The title sounds a bit weird isn’t it? Scrum does not advocate on titles like lead and considers the entire team as a group of equals who will do anything it takes to successfully build and deliver a product. There are roles in a scrum team like scrum master, product owner etc. but there is no Lead as such. Then, why have I asked such a question?
Read on and you will know soon enough…
Is One Product Owner Enough for a Product/Scrum Project?
The Product Owner is one of the most challenging roles to be filled for any Scrum Project. Of all the roles, the PO (Short for Product Owner) is the one with majority of the prioritization and decision making authority. The PO is always reviewing competing requirements/requests from external parties (like clients) and internal stakeholders (The Scrum Team). He/she has to attend planning meetings, sprint reviews, retrospectives and even the daily scrum. On top of this, the PO also needs to manage the product backlog, answer queries raised by the team and more importantly manage external stakeholder expectations with regards to the product at hand. This includes, traveling to customer site, attending/conducting product roadshows, developing short/long term product strategy, prioritizing the product feature backlog, watching out for industry/market trends and the list goes on.
Quite a complex role isn’t it?
If the product is quite small and the team isn’t too big (single digit number) then most likely a single PO may be able to handle the project. Now, if we are talking about an enterprise product/system with a multitude of features, a single PO cannot possibly take ownership of the entire system and all its nuances. The product would most likely get split into different modules (small scrum teams) and unless each module has a dedicated product owner, the teams are going to be constantly complaining about lack of attention/intervention from their PO and this would result in unwanted delays.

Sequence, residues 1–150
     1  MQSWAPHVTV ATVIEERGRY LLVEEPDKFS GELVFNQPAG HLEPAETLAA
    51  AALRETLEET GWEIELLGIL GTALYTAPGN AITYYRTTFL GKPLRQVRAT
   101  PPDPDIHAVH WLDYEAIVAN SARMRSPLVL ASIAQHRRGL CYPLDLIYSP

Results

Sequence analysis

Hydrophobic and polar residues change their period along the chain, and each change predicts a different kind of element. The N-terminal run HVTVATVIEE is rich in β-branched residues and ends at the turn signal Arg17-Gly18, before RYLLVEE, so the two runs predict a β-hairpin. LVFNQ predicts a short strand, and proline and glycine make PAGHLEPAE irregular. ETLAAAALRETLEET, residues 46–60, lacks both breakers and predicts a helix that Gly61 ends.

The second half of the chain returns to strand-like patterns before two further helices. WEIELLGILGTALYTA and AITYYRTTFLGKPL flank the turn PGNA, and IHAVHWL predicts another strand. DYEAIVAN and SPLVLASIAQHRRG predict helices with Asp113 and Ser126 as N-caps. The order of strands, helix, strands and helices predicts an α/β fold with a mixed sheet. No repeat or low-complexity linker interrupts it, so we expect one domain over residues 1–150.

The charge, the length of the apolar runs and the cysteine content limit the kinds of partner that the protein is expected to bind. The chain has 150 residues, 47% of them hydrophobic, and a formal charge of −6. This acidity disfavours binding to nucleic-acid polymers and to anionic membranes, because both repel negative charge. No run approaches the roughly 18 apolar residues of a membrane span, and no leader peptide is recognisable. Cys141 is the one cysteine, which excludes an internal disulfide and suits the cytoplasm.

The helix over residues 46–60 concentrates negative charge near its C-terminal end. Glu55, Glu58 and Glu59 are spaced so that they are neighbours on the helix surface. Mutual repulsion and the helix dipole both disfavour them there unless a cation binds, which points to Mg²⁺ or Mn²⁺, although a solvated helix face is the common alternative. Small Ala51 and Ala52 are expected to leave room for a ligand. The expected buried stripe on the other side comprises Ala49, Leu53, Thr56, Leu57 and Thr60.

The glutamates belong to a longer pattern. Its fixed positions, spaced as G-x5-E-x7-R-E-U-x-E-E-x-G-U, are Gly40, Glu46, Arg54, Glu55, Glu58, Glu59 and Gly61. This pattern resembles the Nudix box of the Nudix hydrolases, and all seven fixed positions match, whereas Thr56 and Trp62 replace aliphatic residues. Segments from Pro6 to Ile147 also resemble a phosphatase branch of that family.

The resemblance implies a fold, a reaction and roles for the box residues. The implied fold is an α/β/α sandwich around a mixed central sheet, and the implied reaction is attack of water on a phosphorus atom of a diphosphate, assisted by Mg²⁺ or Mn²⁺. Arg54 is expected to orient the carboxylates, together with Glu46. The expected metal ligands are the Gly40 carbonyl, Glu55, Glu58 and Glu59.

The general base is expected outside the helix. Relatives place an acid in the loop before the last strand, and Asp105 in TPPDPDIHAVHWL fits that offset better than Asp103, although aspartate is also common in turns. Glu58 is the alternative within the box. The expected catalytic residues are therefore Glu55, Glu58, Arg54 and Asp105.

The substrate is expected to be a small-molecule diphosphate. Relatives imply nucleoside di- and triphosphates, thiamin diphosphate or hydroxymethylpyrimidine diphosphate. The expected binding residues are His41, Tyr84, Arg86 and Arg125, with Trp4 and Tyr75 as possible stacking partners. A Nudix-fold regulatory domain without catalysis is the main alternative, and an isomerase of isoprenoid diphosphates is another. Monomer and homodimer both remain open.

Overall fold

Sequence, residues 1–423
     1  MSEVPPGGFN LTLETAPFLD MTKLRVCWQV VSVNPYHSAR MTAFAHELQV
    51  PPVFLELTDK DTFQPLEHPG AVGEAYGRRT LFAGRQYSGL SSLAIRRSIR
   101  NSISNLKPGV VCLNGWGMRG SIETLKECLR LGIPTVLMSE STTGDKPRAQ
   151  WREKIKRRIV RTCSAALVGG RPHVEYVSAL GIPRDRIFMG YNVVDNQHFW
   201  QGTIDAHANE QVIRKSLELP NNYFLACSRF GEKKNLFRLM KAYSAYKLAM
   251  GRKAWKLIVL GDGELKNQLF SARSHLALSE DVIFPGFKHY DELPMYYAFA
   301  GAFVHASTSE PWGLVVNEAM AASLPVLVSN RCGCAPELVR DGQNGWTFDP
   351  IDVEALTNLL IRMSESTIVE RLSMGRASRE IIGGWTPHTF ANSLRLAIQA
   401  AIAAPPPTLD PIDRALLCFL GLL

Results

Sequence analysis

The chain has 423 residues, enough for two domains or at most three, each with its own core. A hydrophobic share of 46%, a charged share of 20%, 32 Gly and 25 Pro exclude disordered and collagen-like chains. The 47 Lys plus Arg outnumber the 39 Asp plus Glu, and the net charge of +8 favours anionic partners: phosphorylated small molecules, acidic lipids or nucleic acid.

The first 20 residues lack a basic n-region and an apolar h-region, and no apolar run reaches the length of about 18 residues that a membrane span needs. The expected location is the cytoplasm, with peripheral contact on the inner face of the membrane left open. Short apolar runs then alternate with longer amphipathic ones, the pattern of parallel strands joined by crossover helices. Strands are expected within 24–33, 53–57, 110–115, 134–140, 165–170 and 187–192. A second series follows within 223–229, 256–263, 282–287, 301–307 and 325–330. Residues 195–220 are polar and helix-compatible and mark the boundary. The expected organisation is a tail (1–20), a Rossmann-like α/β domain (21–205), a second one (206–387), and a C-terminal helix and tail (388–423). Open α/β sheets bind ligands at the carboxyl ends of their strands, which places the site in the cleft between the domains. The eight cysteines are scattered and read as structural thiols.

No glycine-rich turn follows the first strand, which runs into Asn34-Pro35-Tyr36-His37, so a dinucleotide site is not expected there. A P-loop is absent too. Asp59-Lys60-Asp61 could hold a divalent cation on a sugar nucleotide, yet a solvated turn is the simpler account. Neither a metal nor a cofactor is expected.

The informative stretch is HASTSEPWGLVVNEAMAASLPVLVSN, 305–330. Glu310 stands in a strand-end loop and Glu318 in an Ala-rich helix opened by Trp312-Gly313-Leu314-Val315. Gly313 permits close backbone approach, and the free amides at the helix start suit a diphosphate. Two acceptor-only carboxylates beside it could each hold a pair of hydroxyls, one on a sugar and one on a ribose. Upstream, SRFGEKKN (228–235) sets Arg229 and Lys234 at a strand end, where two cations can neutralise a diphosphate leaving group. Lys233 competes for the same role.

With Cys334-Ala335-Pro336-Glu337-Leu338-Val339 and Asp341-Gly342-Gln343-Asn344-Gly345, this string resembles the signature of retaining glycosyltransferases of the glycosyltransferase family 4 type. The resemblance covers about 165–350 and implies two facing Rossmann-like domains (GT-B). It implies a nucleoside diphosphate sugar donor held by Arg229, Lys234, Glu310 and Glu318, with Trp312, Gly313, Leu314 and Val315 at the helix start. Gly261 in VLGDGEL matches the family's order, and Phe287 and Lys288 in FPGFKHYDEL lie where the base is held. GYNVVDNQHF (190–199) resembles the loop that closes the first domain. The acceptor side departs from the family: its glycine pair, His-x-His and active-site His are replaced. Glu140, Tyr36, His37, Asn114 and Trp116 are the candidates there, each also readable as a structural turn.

At some point, as the overall size of the product/project grows, it makes sense to introduce a hierarchy of collaborating product owners. Each product owner is given responsibility for one part of the overall system and they are work together towards the overall product roadmap or goals. At any given time, we have more than one product owner, it also makes sense to introduce a Lead Product Owner who would take ownership of the product as a whole and not just the individual modules.
So, the Lead Product Owner is just the Manager for all Product Owners?
In crude terms, Yes. Every product owner is given the task of prioritizing their individual module level product/feature backlog. When there are competing or conflicting demands, we need someone to intervene and choose the outcome that is most suitable for the product. When there is a conflict, every PO is going to think only about what is most beneficial for his/her individual module and hence reaching a compromise may be a long and sometimes even a futile exercise. Having a Lead (or Manager) helps diffuse the tension because the Lead Product Owner owns the entire product and not just the subset and hence has the authority to decide.
The Lead Product Owner has the responsibility of having an overall vision for the entire product. He conveys this vision to his team of Product Owners and coach/guide them toward building a robust product. The Lead Product Owner should have regular meetings with his team of POs and provide constant support & feedback.
In fact, a complex product could have more than one layer of management/supervision among the PO’s. Look at the picture below – There are product owners, product line owners and a Lead product owner with increasing levels of ownership on the product.
Some Last Words
In large agile projects with multiple teams, the product owner role is just too big for one person and hence it is recommended to have a team of PO’s with one person taking the lead role. The term I have used like Lead Product Owner & Product Line Owner are just one of the many you can hear in the agile world. Some people even use terms like Super Product Owner, Feature Owner, Area Owner and so on. It’s up to you how you want to name this role but at the end of the day, the job description would pretty much be the same.
What is your experience in handling large scrum projects? Sound off in the comments section…